I was fortunate enough to have to means to break my lease, so I left the studio immediately. I wound up moving into a spacious one-bedroom apartment in a Bed-Stuy brownstone owned by an older couple. They lived in the building, along with some of their extended family and their close friend. After some careful consideration, I decided to tell the couple what had happened to me. I felt guilty and worried that I had been overly paranoid about my safety because of my assault. They reassured me that they weren’t going to let anyone ever hurt me. Because I had communicated so directly with my landlords about my fear of living alone, I felt incredibly safe during the three years I called the brownstone home — perhaps the safest I’d ever felt living anywhere.
During the fall of 2014, I decided to sublet my apartment for two months because I wanted to explore living in Detroit. I had some acquaintances there, but I planned to spend most of my time working and making art. In my new temporary living space, I had four roommates. Within the first week, I had already become close friends with all of them and everyone else I met was incredibly kind and welcoming to me. Detroit’s community was small and intimate. I realized I preferred the dynamic of a tight-knit community over New York’s vastness.
During that fall, I entered an open relationship with a very sweet and sensitive guy in Detroit and I made the decision to relocate permanently. It took me a few months to pack up my apartment in New York and find a new place to rent in Detroit, but I eventually found a small house that was very close to both my best friend and my boyfriend.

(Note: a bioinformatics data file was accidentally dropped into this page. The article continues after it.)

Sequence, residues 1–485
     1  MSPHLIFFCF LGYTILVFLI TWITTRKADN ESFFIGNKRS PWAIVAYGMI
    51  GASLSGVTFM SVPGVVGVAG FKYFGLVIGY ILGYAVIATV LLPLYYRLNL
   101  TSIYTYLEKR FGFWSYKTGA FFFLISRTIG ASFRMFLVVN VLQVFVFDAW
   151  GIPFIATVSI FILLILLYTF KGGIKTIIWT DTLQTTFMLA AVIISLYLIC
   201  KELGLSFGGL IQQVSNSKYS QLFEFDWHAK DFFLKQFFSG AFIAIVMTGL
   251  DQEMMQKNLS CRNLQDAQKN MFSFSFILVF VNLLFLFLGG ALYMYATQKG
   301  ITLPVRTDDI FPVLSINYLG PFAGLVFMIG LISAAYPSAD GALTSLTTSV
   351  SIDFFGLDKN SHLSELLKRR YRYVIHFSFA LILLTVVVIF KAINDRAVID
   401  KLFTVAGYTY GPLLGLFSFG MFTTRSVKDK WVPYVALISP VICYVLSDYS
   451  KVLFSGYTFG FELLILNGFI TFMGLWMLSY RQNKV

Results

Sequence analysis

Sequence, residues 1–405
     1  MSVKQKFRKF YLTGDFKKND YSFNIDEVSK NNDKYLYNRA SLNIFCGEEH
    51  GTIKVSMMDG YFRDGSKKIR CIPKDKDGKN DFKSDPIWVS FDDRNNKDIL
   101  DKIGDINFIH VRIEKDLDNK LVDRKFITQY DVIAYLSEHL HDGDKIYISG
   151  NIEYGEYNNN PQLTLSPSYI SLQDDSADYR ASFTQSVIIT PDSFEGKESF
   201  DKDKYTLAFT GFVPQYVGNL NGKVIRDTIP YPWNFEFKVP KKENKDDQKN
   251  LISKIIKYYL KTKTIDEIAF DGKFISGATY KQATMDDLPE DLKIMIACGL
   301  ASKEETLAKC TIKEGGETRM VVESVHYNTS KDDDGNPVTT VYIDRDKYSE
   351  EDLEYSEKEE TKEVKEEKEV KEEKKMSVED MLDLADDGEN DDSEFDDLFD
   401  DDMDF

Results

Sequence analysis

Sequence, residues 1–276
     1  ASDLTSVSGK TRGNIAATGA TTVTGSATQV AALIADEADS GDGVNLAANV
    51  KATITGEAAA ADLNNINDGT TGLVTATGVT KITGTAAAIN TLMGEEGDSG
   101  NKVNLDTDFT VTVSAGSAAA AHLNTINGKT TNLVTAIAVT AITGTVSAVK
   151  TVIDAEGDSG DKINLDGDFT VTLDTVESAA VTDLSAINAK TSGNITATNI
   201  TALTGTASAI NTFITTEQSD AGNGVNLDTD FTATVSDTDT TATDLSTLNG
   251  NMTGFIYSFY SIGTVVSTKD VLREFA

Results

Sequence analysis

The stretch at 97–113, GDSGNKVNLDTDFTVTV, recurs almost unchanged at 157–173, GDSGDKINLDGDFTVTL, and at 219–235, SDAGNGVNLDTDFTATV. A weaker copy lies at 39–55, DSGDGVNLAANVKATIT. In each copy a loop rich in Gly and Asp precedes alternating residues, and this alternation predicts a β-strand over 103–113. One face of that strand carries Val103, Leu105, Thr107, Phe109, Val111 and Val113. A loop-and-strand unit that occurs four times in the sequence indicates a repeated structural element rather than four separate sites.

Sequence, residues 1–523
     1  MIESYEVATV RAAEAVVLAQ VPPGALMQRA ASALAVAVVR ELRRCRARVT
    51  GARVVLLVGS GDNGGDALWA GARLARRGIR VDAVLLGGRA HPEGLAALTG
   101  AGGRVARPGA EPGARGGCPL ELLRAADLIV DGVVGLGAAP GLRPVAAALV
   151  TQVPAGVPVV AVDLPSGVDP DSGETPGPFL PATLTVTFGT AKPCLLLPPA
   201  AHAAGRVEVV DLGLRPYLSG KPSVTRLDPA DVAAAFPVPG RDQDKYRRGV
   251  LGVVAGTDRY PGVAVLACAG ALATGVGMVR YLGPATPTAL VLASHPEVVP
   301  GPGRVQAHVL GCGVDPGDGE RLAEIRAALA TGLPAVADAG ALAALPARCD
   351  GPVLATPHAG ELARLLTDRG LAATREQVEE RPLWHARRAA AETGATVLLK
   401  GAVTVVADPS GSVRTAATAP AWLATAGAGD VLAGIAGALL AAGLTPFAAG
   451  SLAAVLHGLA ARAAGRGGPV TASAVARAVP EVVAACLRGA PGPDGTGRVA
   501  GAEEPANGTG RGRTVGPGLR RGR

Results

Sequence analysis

There was something about the density of Brooklyn that frightened me. Even though Detroit technically had a higher crime rate, I didn’t feel as concerned about my own personal safety, because there were simply fewer people around. Even though that made me feel at ease, I slowly began to feel anxious again. There was an abandoned house across the street that had been boarded up and I eventually noticed a person was occupying the upstairs floor. Even though I never saw their face, I spotted objects in the window being shifted around day to day.
This ominous, faceless presence frightened me, so I kept my curtains shut at all times. My boyfriend came over one afternoon and threw open the front window. I hesitated momentarily, then told him that I felt more comfortable with the curtains shut. He looked me over with an expression of both disgust and concern.
“Look, I know you just moved here from fancy-schmancy New York and all, but you’re not in danger here.”
I felt terrible. Was I overreacting? Maybe it was narcissistic for me to believe that someone was out there watching me, learning my daily habits, and waiting for the perfect opportunity to get me alone and assault me. I explained to my boyfriend that I was concerned about the presence in the house across the street, but he bluntly told me that even if someone was there, they wouldn’t hurt me. While I knew he was trying to be reassuring, part of me felt like he couldn’t be bothered to spend a single ounce of energy attempting to empathize with me.
My girlfriends worried about forgetting to lock the front door or getting spied on through their windows, but I’ve never heard one of my guy friends worry over these things. I began to resent the fact that women I knew feared for their safety — even in their own homes — while men were constantly minimizing our concerns with a joke or a shrug.